Not only is HMC simpler than other particle coating technologies, it is also rapid and uses no solvents. Further, HMC is relatively easy to scale, economical and minimises the risk of undesirable effects such as curing, sintering or particle agglomeration. 

Reimagining vitamin B12 supplements for the modern consumer

Figure 2: Through successive, spraying, wetting and solidification stages, hot melt coating ensures a homogenous coating of API or nutrient particles; with appropriate excipients, the coating layer can effectively confer an extended release profile

A new era of vitamin B12 supplements 
Some formulation and manufacturing experts are now addressing these challenges and bringing the next generation of extended-release user-friendly vitamin B12 supplements to market. One example is a novel two-phase release supplement combining different forms of vitamin B12 in an ODG product.

The initial phase of the formulation uses a small amount of a bioactive form of vitamin B12 — methylcobalamin — which is immediately released. The combination of immediately releasing vitamin B12 and small dosage means that supplement takers can efficiently absorb the vitamin.

For the second release phase, vitamin B12 (cyanocobalamin) is coated using HMC to ensure the consistent slow release of vitamin B12 for several hours, maximising absorption efficiency (Figure 3). Extra vitamin B12 thus becomes available for absorption throughout the day to replenish the body’s potentially depleted vitamin B12 store.

Reimagining vitamin B12 supplements for the modern consumer

Figure 3: Graph showing dissolution with time for immediate release (green) and extended release (orange) vitamin B12; extended-release formulations deliver vitamin B12 slowly for a longer time period

Importantly, because the product has been developed as orally disintegrating granules (ODGs), consumers can take their vitamin B12 on the go and without water. Moreover, this novel vitamin B12 system overcomes the bland, uninteresting taste of most traditional vitamin B12 products with a range of delicious flavours.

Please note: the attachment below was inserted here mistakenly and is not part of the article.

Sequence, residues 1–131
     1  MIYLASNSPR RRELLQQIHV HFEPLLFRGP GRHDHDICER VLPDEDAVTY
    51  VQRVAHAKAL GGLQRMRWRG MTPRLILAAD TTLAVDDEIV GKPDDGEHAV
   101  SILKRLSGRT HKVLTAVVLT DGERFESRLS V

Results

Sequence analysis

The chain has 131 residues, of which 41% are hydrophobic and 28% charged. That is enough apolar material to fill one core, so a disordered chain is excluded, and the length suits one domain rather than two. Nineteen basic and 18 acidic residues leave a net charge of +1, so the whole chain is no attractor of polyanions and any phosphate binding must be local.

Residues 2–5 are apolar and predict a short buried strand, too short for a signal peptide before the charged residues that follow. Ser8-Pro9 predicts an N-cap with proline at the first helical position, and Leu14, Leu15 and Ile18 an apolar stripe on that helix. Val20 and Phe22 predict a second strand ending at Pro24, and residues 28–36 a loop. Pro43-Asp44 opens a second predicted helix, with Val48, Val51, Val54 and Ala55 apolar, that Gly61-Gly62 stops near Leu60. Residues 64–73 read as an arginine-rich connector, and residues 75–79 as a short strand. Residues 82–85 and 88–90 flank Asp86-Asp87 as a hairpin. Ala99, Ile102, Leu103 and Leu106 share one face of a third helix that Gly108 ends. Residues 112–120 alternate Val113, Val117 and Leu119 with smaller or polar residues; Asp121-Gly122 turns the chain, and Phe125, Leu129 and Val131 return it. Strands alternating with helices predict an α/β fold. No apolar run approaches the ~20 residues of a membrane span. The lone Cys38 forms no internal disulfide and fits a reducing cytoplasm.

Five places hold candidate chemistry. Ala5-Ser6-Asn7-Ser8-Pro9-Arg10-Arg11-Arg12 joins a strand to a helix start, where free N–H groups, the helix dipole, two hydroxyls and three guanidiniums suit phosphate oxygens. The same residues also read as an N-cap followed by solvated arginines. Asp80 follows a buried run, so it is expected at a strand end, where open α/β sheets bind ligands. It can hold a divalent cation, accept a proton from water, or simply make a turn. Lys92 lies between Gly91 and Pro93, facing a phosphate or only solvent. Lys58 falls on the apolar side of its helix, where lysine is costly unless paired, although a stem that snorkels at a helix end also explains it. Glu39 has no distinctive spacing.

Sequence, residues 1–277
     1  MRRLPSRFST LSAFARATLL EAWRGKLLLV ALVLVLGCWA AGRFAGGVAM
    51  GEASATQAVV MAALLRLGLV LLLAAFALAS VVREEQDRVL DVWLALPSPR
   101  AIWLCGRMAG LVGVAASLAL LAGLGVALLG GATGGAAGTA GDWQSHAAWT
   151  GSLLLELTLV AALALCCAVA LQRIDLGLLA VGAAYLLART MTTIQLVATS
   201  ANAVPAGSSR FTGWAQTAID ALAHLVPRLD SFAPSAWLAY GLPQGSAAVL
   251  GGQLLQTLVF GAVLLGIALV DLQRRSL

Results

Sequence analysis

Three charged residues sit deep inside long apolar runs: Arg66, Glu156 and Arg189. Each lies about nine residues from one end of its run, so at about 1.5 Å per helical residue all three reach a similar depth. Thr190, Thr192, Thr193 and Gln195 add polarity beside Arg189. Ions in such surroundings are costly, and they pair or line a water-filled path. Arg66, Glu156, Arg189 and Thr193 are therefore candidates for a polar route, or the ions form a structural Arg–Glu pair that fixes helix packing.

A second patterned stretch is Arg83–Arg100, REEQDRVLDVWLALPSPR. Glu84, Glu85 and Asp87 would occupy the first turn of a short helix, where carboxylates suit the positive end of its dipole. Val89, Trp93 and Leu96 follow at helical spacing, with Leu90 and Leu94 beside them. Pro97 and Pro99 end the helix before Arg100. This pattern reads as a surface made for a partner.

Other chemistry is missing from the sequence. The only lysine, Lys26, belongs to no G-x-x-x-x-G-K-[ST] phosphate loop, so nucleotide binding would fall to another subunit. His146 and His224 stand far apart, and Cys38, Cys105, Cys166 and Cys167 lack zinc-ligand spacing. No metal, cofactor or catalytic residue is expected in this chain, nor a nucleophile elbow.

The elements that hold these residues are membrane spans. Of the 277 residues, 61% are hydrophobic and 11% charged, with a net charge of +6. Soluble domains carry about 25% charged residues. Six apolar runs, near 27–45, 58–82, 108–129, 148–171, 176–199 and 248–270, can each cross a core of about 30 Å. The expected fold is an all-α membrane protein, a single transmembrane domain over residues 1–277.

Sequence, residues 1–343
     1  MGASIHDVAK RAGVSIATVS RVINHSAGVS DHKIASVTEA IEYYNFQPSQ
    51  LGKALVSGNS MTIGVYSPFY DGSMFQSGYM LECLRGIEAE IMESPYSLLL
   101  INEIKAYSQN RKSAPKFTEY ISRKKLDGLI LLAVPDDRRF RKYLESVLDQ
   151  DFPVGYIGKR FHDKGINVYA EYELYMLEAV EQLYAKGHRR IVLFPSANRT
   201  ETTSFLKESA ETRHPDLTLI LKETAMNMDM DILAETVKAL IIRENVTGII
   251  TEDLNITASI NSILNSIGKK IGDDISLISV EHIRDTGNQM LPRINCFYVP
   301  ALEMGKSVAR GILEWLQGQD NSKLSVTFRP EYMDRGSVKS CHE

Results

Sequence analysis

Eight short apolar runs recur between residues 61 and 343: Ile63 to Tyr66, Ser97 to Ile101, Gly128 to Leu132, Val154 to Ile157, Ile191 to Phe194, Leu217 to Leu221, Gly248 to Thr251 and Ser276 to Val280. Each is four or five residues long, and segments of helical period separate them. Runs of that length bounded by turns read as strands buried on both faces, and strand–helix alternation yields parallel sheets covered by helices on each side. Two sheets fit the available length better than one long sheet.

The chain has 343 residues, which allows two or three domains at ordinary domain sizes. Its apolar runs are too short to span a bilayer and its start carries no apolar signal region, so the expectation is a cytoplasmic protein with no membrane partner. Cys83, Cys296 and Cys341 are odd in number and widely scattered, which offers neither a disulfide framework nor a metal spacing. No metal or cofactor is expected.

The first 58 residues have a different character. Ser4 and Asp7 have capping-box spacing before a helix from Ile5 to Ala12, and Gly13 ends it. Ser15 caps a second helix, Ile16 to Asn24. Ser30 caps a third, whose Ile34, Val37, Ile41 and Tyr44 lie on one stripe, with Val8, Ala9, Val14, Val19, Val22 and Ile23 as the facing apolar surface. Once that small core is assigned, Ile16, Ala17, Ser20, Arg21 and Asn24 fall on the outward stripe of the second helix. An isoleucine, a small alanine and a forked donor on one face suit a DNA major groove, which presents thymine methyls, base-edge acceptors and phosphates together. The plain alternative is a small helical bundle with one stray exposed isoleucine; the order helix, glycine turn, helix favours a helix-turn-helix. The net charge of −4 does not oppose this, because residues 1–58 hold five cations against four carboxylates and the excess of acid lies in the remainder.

Benefitting both consumers and companies
Next-generation vitamin B12 supplements such as these have significant benefits for consumers and supplement companies alike. An extended-release formulation means that consumers only have to take one dose per day to meet their needs for vitamin B12 supply.

Plus, the pleasant, easy-to-take dosage form of these supplements means that consumers can seamlessly fit supplement taking into the busiest routines. Consistent, long-term supplementation is therefore less of a burden.

Armed with novel products that are tailored to consumer needs, companies can build greater brand loyalty among their customer base and better differentiate themselves from their rivals in one of the most crowded and competitive sectors. Adopting such formulations also allows supplement companies to revitalise existing or fading vitamin B12 product lines.

New formulations, new opportunities
The critical role of vitamin B12 in human health is well understood. However, a growing number of people are at risk of vitamin B12 deficiency, driven in part by an ageing population, certain diseases and the increased adoption of plant-based diets.

And although the vitamin B12 supplement market is expanding, it remains stagnant in its approach, focusing on traditional immediate-release dosage forms that present unnecessary burdens for many consumers — and stifle opportunities for companies. 

Supplement companies should no longer consider traditional dosage forms to be the “gold standard” for their vitamin B12 products. Indeed, the need for new formulations that optimise nutrient absorption and smoothly mesh with busy modern routines is now clear.

Thankfully, manufacturers are stepping up to the challenge, combining formulation expertise and the right technologies to overcome obstacles and usher in the new era of vitamin B12 supplements. By adopting these innovations, supplement companies can improve the vitamin B12 supplement taking experience for customers while better positioning themselves in an increasingly competitive market.


  8. G. Rizzo, et al., “Vitamin B12 Among Vegetarians: Status, Assessment and Supplementation,” Nutrients 8(12), 767 (2016).